Emigration from Mexico: Long-term solutions

Last week, as part of its reporting on the debate on immigration legislation and Mexican President Vicente Fox’s visit to the USA, the San Francisco Chronicle pointed out to estimates that “roughly 10 percent of Mexico’s population of about 107 million is now living in the United States.” Clearly, there aren’t enough appealing jobs in Mexico to contain this emigration.

Over the last two decades, the economy of Mexico became increasingly dependent on that of the United States, especially since the free trade agreement (NAFTA) came into effect in 1994. Given its proximity to USA, the northern region of Mexico became a huge manufacturing base, exporting a substantial portion of output to the USA.

The slowdown in the US economy between 2000 and 2003 coupled with the relocation of labour-intensive industries to China and the attractiveness of Asia as a recipient of foreign investments had a significant impact on the Mexican industry.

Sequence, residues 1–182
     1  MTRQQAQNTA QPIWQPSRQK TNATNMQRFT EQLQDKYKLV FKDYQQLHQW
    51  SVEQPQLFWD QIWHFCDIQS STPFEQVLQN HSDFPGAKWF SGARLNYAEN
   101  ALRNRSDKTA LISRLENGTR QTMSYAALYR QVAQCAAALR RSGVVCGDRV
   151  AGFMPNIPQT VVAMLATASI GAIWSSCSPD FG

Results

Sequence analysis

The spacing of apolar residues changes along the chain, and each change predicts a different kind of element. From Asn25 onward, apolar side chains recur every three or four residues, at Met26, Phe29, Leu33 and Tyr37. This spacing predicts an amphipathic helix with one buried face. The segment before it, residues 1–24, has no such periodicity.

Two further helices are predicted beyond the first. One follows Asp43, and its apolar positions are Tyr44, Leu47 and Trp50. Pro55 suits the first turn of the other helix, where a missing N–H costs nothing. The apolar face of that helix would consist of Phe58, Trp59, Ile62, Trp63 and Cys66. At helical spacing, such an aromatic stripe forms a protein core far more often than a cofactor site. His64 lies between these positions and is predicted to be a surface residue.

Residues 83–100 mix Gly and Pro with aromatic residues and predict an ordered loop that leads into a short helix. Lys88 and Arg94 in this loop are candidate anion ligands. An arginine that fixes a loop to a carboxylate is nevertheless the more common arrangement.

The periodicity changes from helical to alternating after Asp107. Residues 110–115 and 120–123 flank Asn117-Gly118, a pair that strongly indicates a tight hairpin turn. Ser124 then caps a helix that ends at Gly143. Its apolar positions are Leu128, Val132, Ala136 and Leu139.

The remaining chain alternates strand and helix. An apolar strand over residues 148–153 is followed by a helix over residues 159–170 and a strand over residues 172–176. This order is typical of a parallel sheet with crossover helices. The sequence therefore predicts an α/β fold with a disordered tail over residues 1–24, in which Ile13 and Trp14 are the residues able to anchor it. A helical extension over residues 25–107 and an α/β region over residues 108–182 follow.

Mexico is expected to have a general election within a few weeks. The new government can embrace liberalization by focusing on improving the country’s infrastructure and education and by providing incentives for growth and investments across Mexico.

As Newsweek points out, Mexico can explore its geographic advantage to attract industries that need quicker responses and industries where transportation costs on bulky products can cancel out relatively lower production costs in Asia. The government can explore additional export destinations in Europe and South America.

Further, American corporations are focused largely on the booming the consumer markets in India, China and elsewhere in Asia. Appropriate incentives and an improved economy can attract attention to the consumer market in Mexico. The resulting surge in industry and domestic economy could easily contain this emigration.

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